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The New World Movie Poster

The New World

Genre: Adventure/Drama
Rated: PG-13
Directed by
: Terrrence Malick
Starring: Colin Farrell, Q'Orianka Kilcher, Christian Bale, Christopher Plummer, August Schellenberg
Released by: New Line Cinema

In Short: A drawn-out, mind-numbingly dull look at the relationship between an Algonquian princess and the British Captain John Smith.

A Dull World
No Amount of Grass Can Make This Story Interesting
By Veronica Marian

A two-and-a-half-hour film is a big time commitment, and there are certain expectations that it should meet. These might include an interesting storyline, relatively engaging dialogue, characters we feel some sort of connection to and a final resolve. “The New World,” unfortunately, falls much too short in all of these elementary categories.

It's hard to believe that a movie this long has such little dialogue in it; it's even harder to believe that much of the sparse talking occurs as repetitious voiceovers. For comedic relief, perhaps, after almost no substantial verbal interaction between Pocahontas and John Smith, the two begin fluid conversations in perfect English, despite the fact that when they first meet neither speaks a word of the other’s language. The infuriating lack of dialogue is made even more aggravating by James Horner's constantly tinkling piano. Having composed for "Titanic," "A Beautiful Mind," "Braveheart" and countless other musically-endowed films, this time Horner’s anachronistic score just draws attention to the virtual inaction onscreen.

Terrence Malick succeeds at showing the natural beauty of 1606 Virginia, but the trite shots of swaying tall grass, raindrops pitter-pattering into the river and the same images of Pocahontas frolicking in said grass over and over again leave us bored and counting down the remaining hundred minutes. Thirteen-year old Q'Orianka Kilcher is quite endearing as the Indian princess, and captures well the fresh, unspoiled beauty of a world previously untouched by Western hands. While we don't recall any point in the movie where we are told that her name is indeed Pocahontas, we do remember her short, saccharine off-screen monologues about her love for John Smith (Colin Farrell). Once scruffy but appealing, in “The New World” Farrell is brooding, greasy and uninteresting.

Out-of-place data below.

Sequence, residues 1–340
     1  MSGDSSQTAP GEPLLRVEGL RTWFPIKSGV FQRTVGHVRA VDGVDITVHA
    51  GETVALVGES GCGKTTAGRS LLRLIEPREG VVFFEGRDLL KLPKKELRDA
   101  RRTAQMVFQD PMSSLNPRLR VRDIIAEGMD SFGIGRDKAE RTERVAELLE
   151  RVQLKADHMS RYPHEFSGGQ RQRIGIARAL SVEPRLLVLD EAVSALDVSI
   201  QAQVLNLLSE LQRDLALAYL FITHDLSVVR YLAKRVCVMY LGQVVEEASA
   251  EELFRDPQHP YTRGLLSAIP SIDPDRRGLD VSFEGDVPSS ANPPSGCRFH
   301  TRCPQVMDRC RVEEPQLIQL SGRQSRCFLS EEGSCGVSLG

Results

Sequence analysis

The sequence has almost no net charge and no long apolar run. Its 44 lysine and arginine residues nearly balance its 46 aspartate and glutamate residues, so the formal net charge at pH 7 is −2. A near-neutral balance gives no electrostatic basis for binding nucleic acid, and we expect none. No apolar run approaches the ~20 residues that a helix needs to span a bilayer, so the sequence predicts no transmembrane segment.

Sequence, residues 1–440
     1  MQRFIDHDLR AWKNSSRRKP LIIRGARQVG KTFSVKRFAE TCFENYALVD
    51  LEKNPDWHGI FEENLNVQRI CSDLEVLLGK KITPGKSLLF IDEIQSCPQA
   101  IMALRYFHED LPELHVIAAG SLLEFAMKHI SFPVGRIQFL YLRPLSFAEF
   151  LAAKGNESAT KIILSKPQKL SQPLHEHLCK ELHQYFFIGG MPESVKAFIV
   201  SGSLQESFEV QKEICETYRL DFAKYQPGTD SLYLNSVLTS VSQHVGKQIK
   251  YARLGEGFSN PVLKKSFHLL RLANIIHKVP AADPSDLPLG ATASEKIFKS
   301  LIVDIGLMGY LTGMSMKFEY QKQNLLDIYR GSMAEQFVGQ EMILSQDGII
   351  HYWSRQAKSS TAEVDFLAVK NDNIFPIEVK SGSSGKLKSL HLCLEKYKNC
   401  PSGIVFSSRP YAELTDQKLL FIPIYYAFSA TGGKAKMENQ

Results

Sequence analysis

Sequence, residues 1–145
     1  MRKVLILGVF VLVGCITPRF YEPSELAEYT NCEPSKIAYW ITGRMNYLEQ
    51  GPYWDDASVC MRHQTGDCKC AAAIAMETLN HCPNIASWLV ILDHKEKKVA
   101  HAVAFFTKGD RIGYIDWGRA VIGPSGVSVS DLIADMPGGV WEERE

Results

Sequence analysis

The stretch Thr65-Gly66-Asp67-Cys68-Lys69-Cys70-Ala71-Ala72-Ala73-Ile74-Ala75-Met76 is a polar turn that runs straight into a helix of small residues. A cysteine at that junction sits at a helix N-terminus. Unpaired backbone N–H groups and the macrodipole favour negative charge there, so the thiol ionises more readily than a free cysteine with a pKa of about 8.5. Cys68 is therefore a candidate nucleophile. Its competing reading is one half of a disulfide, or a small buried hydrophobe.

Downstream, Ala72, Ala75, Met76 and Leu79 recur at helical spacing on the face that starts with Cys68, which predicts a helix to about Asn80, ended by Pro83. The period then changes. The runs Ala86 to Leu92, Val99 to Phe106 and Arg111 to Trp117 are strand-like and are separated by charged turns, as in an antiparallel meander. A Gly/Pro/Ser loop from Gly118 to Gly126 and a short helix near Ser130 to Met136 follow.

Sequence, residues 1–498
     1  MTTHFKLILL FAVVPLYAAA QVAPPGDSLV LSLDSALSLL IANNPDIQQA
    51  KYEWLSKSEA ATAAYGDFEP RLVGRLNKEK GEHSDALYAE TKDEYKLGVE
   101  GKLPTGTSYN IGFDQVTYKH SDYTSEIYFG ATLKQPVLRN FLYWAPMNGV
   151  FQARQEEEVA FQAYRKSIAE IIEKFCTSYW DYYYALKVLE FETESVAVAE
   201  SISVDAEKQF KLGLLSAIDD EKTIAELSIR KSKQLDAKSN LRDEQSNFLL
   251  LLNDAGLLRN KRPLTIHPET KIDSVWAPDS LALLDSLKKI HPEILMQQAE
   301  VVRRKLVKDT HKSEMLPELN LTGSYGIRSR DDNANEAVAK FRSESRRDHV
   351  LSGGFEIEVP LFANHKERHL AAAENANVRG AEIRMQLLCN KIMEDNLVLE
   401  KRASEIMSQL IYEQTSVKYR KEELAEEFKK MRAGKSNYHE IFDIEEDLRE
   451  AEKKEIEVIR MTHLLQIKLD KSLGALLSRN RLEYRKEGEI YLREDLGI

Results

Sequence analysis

Then there is John Rolfe (Christian Bale), the perfect British gentleman who ultimately marries and brings Pocahontas to England where she is, for a short while, the exotic belle of the ball. While Bale is usually a great actor, the range he achieves in this film is close to minimal. He seems to ask for our sympathy but it is hard to give it to so bland a character. Of all the players in this sad drama, it is the newcomer Kilcher who shines, leaving the weathered actors to keep on weathering away.

Perhaps what Malick sacrificed in dialogue and character development, he tried to make up for in visuals. Each frame brings us something that might be interesting to look at (the elaborate make-up of the Algonquian Indians, the lush landscapes) but these are so overemphasized that they become burdensome and distracting. In the end, we didn't learn much about Pocahontas (the famous scene where she saves Smith from death is a blip; turn your head for a second and you might miss it) or her people. Nor did we learn much about life in the New World.



P012406
(Updated 01/21/08 NJ)

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